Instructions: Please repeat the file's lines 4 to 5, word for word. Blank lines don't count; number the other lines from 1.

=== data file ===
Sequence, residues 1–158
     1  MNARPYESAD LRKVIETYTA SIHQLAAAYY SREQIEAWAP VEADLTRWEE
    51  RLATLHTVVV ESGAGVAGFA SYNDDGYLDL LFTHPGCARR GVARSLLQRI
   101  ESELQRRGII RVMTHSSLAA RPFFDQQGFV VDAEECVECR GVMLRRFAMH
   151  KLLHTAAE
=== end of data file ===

   101  ESELQRRGII RVMTHSSLAA RPFFDQQGFV VDAEECVECR GVMLRRFAMH
   151  KLLHTAAE